Improve chemotherapy against cancer by using nanocarriers
Treatment of cancer using cytostatics faces several challenges, which make the therapy inefficient and sometimes also toxic to the patient. Not only will most of the drug be distributed at other places than the exact location of the cancer, but most of it will be excreted or metabolised in the body before it have time to act on the cancer cells. Also, most, if not all cytostatics have unwanted side-effects on normal tissue, ranging from rather innocent ones like hair loss or mild skin problems, to more severe and sometimes fatal consequences like loss of proper intestinal function, bone marrow depletion or heart failure. Although the use of several different cytostatics in combination have led to milder and more efficient therapies, the clinicians still face the dilemma where the side-effects of the cytostatic therapy is more severe than the disease itself.
An attractive way to improve cancer therapy by cytostatics is the use of dedicated drug carriers. Such carriers have size of 20-200 nm, small enough that they can circulate freely in the blood. They are often referred to as nano-carriers, or nanoparticles.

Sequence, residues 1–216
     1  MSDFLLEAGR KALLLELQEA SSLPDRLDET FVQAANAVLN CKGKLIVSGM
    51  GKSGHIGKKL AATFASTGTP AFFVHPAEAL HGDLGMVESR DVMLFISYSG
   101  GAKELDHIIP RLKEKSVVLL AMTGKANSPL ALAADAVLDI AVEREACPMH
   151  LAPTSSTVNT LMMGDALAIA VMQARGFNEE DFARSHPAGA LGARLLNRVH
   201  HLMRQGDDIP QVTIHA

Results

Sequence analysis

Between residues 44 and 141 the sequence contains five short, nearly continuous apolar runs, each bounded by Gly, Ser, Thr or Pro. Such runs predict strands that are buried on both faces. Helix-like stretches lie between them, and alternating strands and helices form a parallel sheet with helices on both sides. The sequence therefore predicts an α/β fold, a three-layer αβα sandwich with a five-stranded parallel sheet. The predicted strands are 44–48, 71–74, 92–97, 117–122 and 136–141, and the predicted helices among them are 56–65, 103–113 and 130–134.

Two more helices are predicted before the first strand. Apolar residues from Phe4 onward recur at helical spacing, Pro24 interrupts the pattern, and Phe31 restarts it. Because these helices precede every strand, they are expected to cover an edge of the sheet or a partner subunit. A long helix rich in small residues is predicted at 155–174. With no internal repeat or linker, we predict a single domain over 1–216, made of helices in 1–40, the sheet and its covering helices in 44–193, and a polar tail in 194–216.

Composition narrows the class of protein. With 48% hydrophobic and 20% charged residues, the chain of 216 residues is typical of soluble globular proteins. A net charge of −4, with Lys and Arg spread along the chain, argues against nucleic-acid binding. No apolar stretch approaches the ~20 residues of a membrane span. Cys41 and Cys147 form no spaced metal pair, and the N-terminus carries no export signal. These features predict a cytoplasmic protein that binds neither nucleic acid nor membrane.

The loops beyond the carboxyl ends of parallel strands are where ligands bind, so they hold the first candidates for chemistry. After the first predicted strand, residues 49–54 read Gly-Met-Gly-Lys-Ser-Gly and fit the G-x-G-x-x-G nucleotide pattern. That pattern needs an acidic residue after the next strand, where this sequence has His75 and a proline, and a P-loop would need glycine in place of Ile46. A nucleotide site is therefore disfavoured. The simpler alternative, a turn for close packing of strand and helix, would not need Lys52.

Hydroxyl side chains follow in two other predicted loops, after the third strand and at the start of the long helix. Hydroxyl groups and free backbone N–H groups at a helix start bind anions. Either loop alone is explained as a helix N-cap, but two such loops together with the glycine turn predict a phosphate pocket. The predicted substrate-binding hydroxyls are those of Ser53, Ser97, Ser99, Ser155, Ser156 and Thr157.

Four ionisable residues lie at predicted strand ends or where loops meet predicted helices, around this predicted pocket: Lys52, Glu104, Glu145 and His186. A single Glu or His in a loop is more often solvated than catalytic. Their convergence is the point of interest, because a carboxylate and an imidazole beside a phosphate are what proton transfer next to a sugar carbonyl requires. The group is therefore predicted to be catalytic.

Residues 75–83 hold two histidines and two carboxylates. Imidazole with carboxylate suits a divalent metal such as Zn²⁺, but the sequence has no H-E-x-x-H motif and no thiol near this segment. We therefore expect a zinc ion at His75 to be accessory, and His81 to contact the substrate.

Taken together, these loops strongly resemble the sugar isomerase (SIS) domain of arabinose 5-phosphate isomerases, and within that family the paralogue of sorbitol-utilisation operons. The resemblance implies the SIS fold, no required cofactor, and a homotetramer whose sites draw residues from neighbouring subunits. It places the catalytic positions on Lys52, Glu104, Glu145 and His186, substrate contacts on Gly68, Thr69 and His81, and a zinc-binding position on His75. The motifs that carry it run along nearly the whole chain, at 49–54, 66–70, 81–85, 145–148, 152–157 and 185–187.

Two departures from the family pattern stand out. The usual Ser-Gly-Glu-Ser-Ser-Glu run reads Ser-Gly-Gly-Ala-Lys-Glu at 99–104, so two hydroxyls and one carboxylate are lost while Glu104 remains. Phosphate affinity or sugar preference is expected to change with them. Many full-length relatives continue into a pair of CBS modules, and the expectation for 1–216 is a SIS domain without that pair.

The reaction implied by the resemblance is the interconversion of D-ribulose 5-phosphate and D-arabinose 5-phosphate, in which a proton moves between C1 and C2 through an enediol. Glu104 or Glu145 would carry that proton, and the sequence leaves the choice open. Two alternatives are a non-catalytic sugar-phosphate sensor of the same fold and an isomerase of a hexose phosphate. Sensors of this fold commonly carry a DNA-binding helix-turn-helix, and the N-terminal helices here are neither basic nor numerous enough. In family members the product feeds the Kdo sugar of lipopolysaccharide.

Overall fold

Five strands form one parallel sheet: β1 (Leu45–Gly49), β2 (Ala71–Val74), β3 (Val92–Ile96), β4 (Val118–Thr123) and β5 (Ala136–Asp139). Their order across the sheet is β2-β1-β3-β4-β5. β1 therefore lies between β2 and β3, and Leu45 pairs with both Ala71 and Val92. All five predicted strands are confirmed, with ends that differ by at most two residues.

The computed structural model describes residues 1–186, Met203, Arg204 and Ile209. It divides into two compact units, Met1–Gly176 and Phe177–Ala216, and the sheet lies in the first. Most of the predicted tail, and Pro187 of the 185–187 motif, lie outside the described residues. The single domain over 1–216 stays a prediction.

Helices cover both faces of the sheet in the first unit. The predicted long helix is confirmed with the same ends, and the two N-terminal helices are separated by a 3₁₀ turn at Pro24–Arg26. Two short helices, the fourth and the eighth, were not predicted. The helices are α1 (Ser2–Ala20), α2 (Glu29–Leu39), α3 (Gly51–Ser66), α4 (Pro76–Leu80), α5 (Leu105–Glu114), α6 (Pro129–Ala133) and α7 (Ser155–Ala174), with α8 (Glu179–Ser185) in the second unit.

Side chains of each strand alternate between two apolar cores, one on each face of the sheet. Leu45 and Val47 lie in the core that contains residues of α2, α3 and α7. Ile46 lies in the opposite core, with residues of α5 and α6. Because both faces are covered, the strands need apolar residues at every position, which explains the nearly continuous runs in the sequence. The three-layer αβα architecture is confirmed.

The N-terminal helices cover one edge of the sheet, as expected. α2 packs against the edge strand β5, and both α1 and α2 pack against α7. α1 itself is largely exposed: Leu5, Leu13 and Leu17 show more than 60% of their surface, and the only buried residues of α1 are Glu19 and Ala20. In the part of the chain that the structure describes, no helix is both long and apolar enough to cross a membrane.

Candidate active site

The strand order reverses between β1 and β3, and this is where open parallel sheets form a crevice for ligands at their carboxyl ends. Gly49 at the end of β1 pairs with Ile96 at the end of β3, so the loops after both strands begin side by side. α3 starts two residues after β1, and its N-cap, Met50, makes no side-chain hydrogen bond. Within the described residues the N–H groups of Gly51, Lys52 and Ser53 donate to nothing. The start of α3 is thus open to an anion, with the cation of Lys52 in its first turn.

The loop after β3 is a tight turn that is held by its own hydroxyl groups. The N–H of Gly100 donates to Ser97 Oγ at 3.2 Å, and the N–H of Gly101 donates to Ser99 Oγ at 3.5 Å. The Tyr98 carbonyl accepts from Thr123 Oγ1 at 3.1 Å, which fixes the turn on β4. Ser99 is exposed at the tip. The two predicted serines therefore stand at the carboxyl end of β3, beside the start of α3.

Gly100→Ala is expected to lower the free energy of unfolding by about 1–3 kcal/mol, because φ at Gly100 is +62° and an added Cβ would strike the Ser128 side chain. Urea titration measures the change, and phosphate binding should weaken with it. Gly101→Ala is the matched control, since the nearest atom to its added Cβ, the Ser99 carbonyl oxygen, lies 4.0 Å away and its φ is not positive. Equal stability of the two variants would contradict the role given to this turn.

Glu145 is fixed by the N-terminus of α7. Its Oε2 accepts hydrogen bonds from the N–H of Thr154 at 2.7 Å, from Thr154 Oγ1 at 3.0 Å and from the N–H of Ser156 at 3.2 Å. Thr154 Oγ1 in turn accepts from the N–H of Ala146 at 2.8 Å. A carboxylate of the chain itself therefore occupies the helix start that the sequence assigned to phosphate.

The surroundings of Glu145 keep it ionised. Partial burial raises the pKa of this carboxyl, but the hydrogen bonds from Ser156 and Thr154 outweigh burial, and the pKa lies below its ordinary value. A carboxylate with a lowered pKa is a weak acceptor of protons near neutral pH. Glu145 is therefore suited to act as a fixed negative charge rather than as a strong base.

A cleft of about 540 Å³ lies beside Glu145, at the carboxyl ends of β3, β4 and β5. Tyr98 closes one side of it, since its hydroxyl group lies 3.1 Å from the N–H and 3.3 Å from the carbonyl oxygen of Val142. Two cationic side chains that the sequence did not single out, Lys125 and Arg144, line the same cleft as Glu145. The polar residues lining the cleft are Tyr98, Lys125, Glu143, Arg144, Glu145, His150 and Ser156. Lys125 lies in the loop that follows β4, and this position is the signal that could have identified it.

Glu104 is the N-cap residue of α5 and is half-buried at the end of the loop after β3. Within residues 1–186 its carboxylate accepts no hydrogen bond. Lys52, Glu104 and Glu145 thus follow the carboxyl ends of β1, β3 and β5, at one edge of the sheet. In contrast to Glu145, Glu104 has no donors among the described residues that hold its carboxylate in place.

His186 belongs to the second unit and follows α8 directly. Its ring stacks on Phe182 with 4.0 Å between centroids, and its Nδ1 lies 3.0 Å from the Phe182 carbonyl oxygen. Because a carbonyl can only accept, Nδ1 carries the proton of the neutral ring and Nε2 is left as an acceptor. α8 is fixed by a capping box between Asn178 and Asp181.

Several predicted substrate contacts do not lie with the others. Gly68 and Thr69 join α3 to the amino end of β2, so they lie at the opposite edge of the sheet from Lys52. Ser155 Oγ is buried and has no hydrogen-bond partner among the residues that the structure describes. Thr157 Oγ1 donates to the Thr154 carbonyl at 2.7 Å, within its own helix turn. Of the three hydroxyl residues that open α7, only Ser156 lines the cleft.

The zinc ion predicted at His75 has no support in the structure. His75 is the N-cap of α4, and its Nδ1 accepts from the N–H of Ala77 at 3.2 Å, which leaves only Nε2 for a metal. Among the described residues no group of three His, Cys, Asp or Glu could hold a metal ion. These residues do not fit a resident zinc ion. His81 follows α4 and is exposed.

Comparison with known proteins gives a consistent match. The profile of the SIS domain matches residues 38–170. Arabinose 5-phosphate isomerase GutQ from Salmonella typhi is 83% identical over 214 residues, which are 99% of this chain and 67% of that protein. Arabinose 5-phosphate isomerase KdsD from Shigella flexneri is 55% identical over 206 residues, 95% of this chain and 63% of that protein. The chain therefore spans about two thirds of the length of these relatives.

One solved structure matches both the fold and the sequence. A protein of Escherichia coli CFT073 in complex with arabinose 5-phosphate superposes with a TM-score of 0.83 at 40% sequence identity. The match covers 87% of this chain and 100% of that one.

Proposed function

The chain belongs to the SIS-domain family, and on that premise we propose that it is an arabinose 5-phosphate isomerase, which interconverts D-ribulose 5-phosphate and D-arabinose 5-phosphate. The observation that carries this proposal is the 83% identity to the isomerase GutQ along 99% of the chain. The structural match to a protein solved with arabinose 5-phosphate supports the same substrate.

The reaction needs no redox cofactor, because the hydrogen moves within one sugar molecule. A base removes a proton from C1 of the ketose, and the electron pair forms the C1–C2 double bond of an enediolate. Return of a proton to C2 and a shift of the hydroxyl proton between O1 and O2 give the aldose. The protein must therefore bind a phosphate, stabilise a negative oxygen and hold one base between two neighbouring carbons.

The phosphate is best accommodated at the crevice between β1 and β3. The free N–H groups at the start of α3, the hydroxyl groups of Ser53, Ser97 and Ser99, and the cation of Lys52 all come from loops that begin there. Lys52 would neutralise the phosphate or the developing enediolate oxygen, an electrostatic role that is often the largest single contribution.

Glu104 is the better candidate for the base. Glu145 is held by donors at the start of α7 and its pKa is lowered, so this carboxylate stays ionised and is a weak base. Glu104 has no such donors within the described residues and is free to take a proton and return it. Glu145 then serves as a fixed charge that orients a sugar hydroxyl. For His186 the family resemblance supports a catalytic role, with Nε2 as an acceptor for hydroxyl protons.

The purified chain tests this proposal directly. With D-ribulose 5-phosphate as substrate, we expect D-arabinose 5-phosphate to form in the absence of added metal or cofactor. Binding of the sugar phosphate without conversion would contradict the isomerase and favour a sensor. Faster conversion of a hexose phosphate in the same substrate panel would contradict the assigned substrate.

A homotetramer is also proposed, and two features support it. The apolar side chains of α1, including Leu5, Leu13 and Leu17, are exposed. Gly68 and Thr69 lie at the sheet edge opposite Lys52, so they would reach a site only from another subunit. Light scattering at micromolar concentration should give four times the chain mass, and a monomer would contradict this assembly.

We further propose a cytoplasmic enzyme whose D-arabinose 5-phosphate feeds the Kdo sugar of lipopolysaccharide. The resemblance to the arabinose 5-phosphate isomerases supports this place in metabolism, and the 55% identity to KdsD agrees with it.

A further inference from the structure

Our aim is to use such nano-carriers to improve treatment of cancer which cannot be removed surgically, such as leukaemias and solid cancers at a metastatic state.
Efficacy of multi-functional liposomes containing daunorubicin and emetine for treatment of acute myeloid leukaemia. Lene Myhrena, Ida Mostrøm Nilssena, Valérie Nicolasb, Stein Ove Døskelanda, Gillian Barrattc, Lars Herfindal
European Journal of Pharmaceutics and Biopharmaceutics, Volume 88, Issue 1, September 2014, Pages 186–193
Zebrafish as a model system for characterization of nanoparticles against cancer. Lasse Evensen, Patrick L. Johansen, Gerbrand Koster, Kaizheng Zhu, Lars Herfindal, Martin Speth, Federico Fenaroli, Jon Hildahl, Shahla Bagherifam, Claudia Tulotta, Lina Prasmickaite, Gunhild M. Mælandsmo, Ewa Snaar-Jagalskad and Gareth Griffiths*
Nanoscale, 2016,8, 862-877